// Asos and the Centre for Sustainable Fashion release the Asos Circular Design Guidebook
// The guidebook offers designers and brands details on material choices, recycling techniques and zero-waste cutting methods
Asos and the Centre for Sustainable Fashion have released the Asos Circular Design Guidebook to help designers, students and fashion brands design and create fashion products that support the circular economy.
The 112-page interactive resource breaks down Asos’ nine circular design strategies and details how they can be applied in practice.
The guidebook includes detail on each strategy and how it can be applied in practice, alongside a zero-waste cutting guide to create garments without wasting materials during the pattern cutting process, and information on choosing suitable materials for circular design products.
The nine strategies are: Innovative materials, recycled materials, minimised waste, zero waste, remanufacture/upcycling, durability, versatility, mono-materiality, and disassembly.
Each of these strategies can help designers achieve the Ellen MacArthur Foundation’s vision of a circular economy for fashion, where products are made from safe and recycled or renewable inputs, are used more, and are made to be made again, said Asos.
Asos responsible sourcing director Simon Platts said in a statement: “Launching this guidebook together with CSF means we can help accelerate the transition to circular design across the entire fashion industry, critical to achieving the sustainability we all want to see,”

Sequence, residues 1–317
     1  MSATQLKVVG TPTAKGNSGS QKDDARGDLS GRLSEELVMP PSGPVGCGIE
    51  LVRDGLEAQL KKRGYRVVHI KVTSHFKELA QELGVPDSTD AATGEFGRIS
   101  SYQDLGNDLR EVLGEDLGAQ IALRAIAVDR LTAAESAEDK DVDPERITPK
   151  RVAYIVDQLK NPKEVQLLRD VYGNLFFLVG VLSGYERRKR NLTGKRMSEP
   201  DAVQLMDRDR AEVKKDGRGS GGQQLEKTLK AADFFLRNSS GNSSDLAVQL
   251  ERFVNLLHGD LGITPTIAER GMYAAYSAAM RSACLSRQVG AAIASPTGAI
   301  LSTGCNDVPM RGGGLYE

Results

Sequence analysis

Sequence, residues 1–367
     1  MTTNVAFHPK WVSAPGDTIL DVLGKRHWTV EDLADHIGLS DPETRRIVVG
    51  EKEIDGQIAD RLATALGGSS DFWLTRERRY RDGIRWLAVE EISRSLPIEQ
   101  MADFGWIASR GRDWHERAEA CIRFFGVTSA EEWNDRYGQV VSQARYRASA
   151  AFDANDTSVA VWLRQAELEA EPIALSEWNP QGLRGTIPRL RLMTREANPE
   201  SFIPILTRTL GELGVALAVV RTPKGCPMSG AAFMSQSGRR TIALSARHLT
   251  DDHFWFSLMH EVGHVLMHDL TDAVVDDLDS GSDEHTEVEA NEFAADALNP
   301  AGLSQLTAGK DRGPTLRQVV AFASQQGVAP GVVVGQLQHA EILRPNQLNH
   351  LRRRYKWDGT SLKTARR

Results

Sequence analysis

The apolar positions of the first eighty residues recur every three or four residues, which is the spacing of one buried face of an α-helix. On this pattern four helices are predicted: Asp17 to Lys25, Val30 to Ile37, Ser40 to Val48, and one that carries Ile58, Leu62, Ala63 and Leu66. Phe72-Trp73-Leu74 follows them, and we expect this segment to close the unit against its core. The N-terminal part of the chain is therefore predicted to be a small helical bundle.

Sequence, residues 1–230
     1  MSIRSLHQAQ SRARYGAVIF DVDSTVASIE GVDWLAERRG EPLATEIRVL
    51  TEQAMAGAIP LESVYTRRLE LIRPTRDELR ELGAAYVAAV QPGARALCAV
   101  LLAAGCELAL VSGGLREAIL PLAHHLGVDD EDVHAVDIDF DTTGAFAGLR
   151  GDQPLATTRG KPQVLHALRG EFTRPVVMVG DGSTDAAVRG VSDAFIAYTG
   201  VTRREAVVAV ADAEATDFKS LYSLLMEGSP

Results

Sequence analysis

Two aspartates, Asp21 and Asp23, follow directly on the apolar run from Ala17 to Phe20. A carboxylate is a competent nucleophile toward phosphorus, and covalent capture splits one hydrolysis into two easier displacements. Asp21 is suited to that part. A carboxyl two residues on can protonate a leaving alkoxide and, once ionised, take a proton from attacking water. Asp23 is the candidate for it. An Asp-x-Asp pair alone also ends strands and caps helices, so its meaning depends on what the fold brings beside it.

“This in-depth, accessible and easy-to-use resource should prove invaluable to other brands, designers and students looking to implement circular design in practice and marks the next step in our journey to Be More Circular through Fashion with Integrity.”
“This guide builds on a long-term partnership between Asos and Centre for Sustainable Fashion at London College of Fashion, aiming to change the direction of fashion,” said Centre for Sustainable Fashion director Professor Dilys Williams.
“The aims are bold and ambitious, it’s about valuing nature – our only source of wealth – and making that economically viable and valuable,”
“We have a good start: nature is the most experienced, most talented designer we can learn from and each one of us is a part of nature, so for us to thrive, we must ensure that nature thrives.
“Designing and developing product uses skills, including ingenuity and imagination, to improve a situation, but unless it improves life, it isn’t good design. By making our starting point good design we harness the ability to create meaningful change in the industry.”